Muslims and Christians at the Table: Promoting Biblical Understanding Among North American Muslims (Bruce A. McDowell and Anees Zaka, 1999)

Picture this. Two friends, one a committed Christian and one a committed Muslim, sitting at a table sharing a meal. Open before them on the table are two books, the Bible and the Qur’an. Both are enjoying the conversation. The Christian is intentionally asking questions and listening with care. The conversation is animated, and ongoing, and has, in fact, been occurring regularly for several months. What we are picturing is an evangelistic Bible study, a holy spirited attempt to share the gospel of Christ with one of the millions of Islamic believers now living in the West.

Muslims and Christians at the Table was written to teach Christians how such evangelism can occur. The authors, Bruce McDowell and Anees Zaka are both qualified to teach us. Both have earned doctorates from Westminster Theological Seminary and have studied Islam over many years. Both have been involved in Tenth Presbyterian Church in Philadelphia under the ministry of the late Dr. James Boice. And most important, both not only have a passion for the gospel, but extensive experience leading evangelistic Bible studies with Muslims living in North America. “We came to believe that this book was needed,” they write, “after noticing a lack of practical guidance on how to witness to Muslims in the North American context. Most of the available literature discusses the theoretical and theological aspects of witnessing to Muslims, but provides little of the practical how-tos. The purpose of this book is threefold: (1) to set forth the historical, cultural, and theological background of Islam as a foundation for witnessing to Muslims, (2) to encourage witnessing to North American Muslims with the gospel, and (3) to teach how to witness to them more effectively by promoting biblical understanding.”

Muslims and Christians at the Table is divided into four parts. First, McDowell and Zaka share their vision for reaching the thousands of Muslims now living in North America. Chicago alone has 50 mosques and nearly half a million Muslims; New York City 700,000. Islam is the fastest growing religion in America (averaging 4% growth annually) with an estimated total of 5 million followers. This means there are more Muslims in America than Episcopalians and Presbyterians combined, and more living in the U.S. than in Libya. In part two of the book McDowell and Zaka provide a historical and cultural overview of Islam. Then, in a much longer section, they deal with the theological issues, such a comparison of the Bible and the Qur’an, the nature of God, and the problem of sin. In the final section they introduce us to a practical way in which Christians can reach Muslims with the gospel through evangelistic Bible studies in the context of committed and lasting friendships. At the end of each chapter are discussion questions, which makes the book even more helpful both for personal reflection and for use in small groups.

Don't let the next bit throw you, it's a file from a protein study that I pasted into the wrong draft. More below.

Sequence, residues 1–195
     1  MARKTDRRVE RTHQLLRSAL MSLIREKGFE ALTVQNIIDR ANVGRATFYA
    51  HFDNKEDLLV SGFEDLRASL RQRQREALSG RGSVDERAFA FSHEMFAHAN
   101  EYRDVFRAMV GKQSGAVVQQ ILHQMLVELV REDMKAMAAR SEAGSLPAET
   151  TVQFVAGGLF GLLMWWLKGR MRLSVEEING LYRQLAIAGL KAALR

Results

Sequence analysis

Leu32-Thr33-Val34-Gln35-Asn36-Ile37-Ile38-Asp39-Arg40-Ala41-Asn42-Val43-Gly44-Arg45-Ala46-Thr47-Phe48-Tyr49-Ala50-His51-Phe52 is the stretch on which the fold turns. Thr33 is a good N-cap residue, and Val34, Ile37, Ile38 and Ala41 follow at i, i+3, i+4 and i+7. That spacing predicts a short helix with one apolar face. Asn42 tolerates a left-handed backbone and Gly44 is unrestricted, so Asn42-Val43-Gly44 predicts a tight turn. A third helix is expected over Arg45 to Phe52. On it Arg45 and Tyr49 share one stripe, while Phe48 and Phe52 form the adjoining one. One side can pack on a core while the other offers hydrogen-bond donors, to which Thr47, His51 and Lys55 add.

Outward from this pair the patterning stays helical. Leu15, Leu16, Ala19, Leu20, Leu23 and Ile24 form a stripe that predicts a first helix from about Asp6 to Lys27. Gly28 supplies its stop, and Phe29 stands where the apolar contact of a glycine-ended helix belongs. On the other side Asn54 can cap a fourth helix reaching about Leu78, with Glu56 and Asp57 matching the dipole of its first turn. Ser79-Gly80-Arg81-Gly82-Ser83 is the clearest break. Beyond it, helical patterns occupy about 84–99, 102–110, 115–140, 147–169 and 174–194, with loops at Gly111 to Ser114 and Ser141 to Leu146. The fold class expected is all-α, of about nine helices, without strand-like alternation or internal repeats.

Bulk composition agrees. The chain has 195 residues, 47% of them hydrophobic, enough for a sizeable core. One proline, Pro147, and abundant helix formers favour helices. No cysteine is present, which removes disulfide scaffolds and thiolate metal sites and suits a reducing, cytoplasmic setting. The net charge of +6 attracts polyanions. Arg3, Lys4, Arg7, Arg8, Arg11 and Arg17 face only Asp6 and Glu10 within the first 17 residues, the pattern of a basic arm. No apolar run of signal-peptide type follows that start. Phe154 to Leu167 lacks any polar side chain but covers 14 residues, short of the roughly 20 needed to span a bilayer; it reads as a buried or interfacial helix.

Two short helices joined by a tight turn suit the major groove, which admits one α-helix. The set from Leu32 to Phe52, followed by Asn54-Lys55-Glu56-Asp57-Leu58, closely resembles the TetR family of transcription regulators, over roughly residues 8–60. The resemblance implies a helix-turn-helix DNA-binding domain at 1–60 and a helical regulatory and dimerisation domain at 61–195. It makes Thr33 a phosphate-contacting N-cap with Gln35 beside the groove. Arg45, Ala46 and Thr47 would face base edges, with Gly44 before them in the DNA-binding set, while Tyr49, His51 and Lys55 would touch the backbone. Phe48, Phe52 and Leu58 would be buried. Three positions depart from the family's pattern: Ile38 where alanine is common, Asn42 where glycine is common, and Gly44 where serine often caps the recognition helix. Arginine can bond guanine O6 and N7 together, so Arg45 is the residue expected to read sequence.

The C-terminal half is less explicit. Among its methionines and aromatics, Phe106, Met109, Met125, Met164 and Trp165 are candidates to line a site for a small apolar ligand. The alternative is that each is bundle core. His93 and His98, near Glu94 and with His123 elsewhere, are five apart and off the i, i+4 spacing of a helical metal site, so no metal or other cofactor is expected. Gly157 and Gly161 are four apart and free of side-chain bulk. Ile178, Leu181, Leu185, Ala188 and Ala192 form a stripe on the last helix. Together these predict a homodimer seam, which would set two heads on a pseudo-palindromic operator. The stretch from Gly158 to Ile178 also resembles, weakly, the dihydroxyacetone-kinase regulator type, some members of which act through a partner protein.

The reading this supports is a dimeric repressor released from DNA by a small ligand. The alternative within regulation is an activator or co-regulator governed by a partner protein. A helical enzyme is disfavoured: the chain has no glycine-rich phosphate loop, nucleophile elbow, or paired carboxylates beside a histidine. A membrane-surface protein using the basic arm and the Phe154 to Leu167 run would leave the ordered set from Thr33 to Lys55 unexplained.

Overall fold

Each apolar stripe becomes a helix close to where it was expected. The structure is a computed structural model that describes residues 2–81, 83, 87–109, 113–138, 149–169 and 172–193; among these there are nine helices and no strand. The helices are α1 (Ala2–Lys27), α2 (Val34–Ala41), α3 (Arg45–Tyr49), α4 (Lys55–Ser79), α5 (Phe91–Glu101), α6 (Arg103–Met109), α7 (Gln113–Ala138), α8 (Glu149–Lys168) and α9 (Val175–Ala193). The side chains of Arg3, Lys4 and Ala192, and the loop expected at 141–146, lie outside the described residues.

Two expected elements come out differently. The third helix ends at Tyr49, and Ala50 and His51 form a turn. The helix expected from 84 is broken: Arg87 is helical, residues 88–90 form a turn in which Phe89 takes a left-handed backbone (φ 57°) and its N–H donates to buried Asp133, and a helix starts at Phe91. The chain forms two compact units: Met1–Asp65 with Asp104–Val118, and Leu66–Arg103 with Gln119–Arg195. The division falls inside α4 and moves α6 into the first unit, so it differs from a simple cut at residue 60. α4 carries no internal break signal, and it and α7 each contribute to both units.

This is a “how-to” book, but in the sense of providing practical training, not in the sense of providing simplified steps of action that are then repeated endlessly. Even if we do not yet have Islamic friends and neighbors—and if they are our neighbors, what reason could we possibly give for not having them as friends?—the approach to evangelism taught in this book is creative and alive. McDowell and Zaka are sensitive to the fact that the gospel is a living message, not a sound bite to be regurgitated on command, that our non-Christian friends are made in the image of God and must be treated as such, and that the evangelistic encounter is not a debate to be won, but a relationship to be nurtured, even at cost.

“The amazing growth of Islam in North America during the last few decades has gone largely unnoticed by the evangelical church,” McDowell and Zaka say. “Many people still think that missions is only done overseas, and that unreached people do not live here in North America. After all, we have the gospel on radio and television daily, churches are found every few blocks, and Bibles are easily available. However, what is not realized is that those who are outside of the Christian subculture are rarely exposed to the gospel. Those who have come from an Islamic background have never heard the gospel in terms that they can understand. Even native-born Americans who are converting to Islam out of Christian backgrounds have generally not heard the gospel in a culturally relevant way that addresses issues that concern them.”

We recommend Muslims and Christians at the Table to you. Get a copy and work through it with a small group of Christian friends. Begin praying for your Islamic neighbors by name, that God would bring them to Christ, and that he might use you as part of that process. Put a copy of the book in your church library. And give thanks that God has raised up gifted teachers like Anees Zaka and Bruce McDowell from whom we can learn.


Muslims and Christians at the Table: Promoting Biblical Understanding Among North American Muslims by Bruce A. McDowell and Anees Zaka (Phillipsburg, PA: Presbyterian and Reformed Publishing; 1999) 261 pp. + 2 appendices (“The Story of a Muslim Immigrant” and “A Bible Study Case Study”) + notes + glossary of Islamic terms + resources for further study.